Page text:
Many businesses needing to reduce their workforce offer redundancy to their surplus employees, but occasionally, employers call certain situations redundancy even though there isn’t a genuine business reason for dismissing the employees in question.
Knowing whether your redundancy was fair or whether it equates to a case for unfair dismissal is, therefore, important. So, let’s take a look at the process of making someone redundant and what constitutes a fair and an unfair process.
How Does The Process Of Redundancy Work?
When a company needs to make staff redundant, the first step is to hold consultations with employees to identify clearly why they have been chosen for redundancy, giving them details about the reasons for their job being at risk and offering them the chance to present alternative proposals to avoid redundancy.
The process of selection has to be demonstrably objective and fair. Although it’s permitted to take issues like service length and disciplinary records into account, employees can be selected on grounds of sex, age, disability, race, or working hour status. If there is no process of consultation offered to employees or the process of selection could be deemed to be unfair, an unfair dismissal claim could arise.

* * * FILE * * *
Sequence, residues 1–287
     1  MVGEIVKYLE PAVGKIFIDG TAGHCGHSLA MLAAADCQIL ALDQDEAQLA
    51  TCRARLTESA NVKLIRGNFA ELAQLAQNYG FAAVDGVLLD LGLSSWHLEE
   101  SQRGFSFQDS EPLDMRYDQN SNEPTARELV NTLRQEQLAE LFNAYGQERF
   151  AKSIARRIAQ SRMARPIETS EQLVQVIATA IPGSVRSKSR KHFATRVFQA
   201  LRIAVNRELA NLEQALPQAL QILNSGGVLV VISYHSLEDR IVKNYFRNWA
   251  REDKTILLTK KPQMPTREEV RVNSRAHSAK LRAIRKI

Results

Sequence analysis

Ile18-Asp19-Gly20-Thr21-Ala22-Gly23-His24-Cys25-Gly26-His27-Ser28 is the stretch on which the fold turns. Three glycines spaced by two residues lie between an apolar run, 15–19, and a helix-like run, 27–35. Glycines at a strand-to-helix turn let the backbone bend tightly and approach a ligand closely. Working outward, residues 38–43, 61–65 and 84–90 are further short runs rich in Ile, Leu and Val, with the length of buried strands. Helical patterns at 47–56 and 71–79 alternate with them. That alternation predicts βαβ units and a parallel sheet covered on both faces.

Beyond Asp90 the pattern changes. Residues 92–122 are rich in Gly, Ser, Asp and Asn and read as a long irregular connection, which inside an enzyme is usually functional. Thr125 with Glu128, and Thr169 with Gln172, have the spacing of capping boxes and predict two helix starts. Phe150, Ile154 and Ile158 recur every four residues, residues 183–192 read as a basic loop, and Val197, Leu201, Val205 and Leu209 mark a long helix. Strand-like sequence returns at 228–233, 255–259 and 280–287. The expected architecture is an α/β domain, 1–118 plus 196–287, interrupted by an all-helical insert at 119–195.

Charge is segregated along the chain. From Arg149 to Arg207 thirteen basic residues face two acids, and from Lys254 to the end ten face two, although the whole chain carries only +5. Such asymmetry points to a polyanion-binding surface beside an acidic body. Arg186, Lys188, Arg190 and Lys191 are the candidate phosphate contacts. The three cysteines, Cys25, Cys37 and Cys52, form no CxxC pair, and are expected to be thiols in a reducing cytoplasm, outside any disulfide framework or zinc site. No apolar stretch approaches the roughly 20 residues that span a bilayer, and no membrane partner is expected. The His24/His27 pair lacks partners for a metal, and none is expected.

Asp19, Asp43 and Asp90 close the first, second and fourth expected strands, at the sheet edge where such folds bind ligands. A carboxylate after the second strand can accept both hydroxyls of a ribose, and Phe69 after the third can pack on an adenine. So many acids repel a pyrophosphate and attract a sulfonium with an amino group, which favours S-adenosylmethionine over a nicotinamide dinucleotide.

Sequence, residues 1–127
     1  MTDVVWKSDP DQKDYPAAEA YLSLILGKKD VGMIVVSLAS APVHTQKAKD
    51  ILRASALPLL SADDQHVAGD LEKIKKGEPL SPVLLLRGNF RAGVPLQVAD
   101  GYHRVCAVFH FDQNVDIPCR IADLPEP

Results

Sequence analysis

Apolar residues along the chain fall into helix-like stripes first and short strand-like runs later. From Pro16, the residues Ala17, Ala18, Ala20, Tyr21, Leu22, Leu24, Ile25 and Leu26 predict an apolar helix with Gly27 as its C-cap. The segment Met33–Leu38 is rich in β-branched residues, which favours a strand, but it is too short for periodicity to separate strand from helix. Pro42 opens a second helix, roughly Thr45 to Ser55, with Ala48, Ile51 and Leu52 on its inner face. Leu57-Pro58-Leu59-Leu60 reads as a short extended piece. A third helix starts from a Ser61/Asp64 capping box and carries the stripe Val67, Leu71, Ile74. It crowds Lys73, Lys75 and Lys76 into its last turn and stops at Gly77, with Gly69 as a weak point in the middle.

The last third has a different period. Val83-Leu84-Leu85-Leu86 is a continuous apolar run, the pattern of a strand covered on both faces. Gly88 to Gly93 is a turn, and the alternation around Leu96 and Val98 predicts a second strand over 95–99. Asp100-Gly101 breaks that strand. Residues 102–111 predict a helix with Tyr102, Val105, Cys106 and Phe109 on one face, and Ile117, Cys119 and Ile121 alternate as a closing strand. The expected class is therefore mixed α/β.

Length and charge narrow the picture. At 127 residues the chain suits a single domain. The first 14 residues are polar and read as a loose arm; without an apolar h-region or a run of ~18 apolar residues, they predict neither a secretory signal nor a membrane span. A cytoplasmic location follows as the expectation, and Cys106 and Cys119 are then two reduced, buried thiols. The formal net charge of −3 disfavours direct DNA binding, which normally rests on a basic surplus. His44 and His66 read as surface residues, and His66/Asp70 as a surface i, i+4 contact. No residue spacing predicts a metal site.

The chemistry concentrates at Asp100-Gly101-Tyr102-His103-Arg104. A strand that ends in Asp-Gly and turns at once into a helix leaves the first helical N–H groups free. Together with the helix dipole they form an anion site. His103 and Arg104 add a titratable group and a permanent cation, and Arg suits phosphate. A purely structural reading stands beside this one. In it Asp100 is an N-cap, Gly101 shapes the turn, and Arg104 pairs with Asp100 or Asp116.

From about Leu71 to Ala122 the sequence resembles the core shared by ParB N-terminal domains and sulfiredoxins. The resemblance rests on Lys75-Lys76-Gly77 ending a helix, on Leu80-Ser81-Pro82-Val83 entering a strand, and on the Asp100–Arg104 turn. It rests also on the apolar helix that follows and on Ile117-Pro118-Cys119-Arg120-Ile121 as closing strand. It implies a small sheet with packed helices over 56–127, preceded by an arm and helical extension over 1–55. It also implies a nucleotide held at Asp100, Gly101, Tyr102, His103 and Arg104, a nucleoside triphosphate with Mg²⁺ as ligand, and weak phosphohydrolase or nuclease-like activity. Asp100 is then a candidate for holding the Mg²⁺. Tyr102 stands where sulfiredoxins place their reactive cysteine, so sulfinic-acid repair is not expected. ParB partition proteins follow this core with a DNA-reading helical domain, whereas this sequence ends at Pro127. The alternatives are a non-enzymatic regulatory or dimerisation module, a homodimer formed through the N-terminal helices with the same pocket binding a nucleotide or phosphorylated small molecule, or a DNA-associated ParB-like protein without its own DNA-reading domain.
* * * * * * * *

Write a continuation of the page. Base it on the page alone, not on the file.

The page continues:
Alternative Working Arrangements
During the process of consultation, employers are required to consider every alternative to avoid redundancies, including salary reductions, restructures, or changes in duties. Suitable alternative working arrangements must be considered.
Period Of Notice
The notice period is calculated depending on the employee’s service length. Employment contracts may extend the period of statutory notice but cannot reduce the minimum period determined by the law. In their notice period, employees must be paid or, if the employment is ended with no notice then they should receive payment in lieu.
Suspecting Unfair Dismissal
If the procedures have not been properly followed when your redundancy was made, or you have been made redundant for an invalid reason, you can make a claim for an unfair dismissal. You can only do this, however, if you’ve worked for the organisation for a minimum period of 2 years continuously on the date your contract ends.
If you suspect your have been unfairly dismissed, negotiating with your employer should be the first step to attempt to gain compensation for your reasonable anticipated lost earnings. The employer may offer a settlement agreement or compensation to resolve the situation but seeking professional legal advice regarding this is vital.
Should all options be exhausted, you can take your claim to an Employment Tribunal, but the application has to be made for Early Conciliation to ACAS within 3 months of your dismissal date. Should the Tribunal find in your favour, they may order that you are re-engaged or reinstated, or make a compensation order for your lost earnings.
Most cases of redundancy are fair, with employers using the correct procedures under the law. However, in a few cases, employees find that they have been unfairly dismissed. In such cases, understanding what constitutes a fair redundancy process is vital in order to take action against a remiss employer.